I read all of the editorials listed above and found them to be salient, informative, well-written whether I agreed or disagreed with the opinions put forth. I am a firm believer that local papers need to focus more on issues close to the community they serve but they still struck a good balance between local and national issues. Grade B+

Augusta

Augusta Chronicle Editorial I was unable to read many of the editorials here since they are far more strict about having a digital subscription. After reading a few I was blocked by a popup asking me to buy a digital subscription.  But from what I was able to read before I was blocked, they publish new editorials around every two days. They discussed a national dialogue on race, hypersensitivity and political correctness, Plant Vogtle’s water permit, a Christmas article, a story of forgiveness featuring an Augusta couple badly beaten with a baseball bat, a story about police lives also mattering, the Sony hack and the importance of standing up to dictators, a story about President Putin, one about revitalizing downtown Augusta, and one about not needing permission to record police.

Like the Savannah paper, I saw a mix of national with some local stories thrown into the mix. Also like Saavannah I was quite impressed with the tone and tenor of what I was able to read which came across as writing of a fairly high caliber even if I may have disagreed with the opinions expressed. One other thing of importance is the lively and numerous comments under the articles which you do not find at the Macon Telegraph website. Grade B 

Columbus

Ledger-Enquirer Editorials The first thing you will immediately notice is this website looks like a clone of the Macon Telegraph except in blue not red. This is because they are both owned by McClatchy and use the same format for all their papers to save money. When I clicked on Editorial It was even more sparse that the weekly edition in Macon and showed the two most recent editorials as dated October 2014 and the next most recent editorial all the way back in March of 2013. When you click on Opinion and not Editorial there is at least far more numerous articles. Although I am not sure it appears they do not have any full-time editorialist at their paper. Or at the very least they are not shown on the website.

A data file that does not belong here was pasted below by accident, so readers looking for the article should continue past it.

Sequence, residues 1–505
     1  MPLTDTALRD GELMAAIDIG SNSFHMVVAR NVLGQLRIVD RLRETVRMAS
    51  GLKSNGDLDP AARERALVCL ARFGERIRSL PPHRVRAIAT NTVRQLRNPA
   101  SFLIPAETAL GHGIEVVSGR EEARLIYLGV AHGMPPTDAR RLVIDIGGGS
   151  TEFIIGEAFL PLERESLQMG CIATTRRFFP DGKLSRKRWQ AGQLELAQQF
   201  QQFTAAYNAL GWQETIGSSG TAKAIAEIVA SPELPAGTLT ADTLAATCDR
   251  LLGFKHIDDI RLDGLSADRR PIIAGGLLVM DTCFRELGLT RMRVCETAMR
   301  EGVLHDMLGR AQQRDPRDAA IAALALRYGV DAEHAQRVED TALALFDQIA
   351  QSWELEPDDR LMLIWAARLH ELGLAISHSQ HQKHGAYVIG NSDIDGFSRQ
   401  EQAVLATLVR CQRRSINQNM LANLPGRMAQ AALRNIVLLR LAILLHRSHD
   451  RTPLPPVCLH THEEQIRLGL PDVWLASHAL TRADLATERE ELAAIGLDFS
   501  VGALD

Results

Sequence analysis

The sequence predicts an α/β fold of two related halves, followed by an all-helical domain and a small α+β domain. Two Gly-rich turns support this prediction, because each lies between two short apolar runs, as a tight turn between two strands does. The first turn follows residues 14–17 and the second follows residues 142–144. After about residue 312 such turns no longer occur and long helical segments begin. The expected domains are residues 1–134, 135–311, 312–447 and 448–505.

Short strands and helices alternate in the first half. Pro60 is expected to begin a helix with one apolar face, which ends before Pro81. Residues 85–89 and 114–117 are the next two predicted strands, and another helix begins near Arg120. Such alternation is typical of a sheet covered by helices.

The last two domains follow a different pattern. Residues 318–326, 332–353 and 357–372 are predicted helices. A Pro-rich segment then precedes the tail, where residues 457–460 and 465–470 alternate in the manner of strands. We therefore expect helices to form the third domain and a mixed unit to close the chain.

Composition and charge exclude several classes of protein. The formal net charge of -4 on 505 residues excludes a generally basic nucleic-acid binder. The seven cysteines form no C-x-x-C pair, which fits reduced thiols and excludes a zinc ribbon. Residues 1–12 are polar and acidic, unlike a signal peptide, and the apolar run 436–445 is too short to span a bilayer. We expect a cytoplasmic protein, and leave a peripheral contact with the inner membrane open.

Like the Macon Telegraph you immediately notice the lack of any comments under the articles and how few social media shares the stories receive. The design of the website seems very reminiscent of sites from over a decade ago and seems very much out of place in 2015. The site seems clunky and unintuitive and also blasts you unmercifully with an abundance of annoying ads. Grade F

Gainesville

Gainesville Times Editorial Although they are ahead of Columbus which seems to have given up completely,  they fall behind Savannah and Columbus on frequency. Recent editorials discussed police brutality, a look at local charities, medicinal marijuana in Georgia, difference in perception among races, the standard “giving thanks” at Thanksgiving article. Like Columbus and Macon this website seems dated and abandoned and the writing is not particularly good.  I stumbled across an alternative website call AccessNorthGA.com that seems far more intriguing. I am not sure if this site is digital only format or also offer a paper edition, but I suspect the Gainesville Times is worried by this competition which seems far more nimble and hungry to provide readers what they crave.

I had to penalize them for only having a weekly editorial but what I read was decent if rather bland and dry. They failed on several of my criteria for what constitutes a good editorial. Grade C-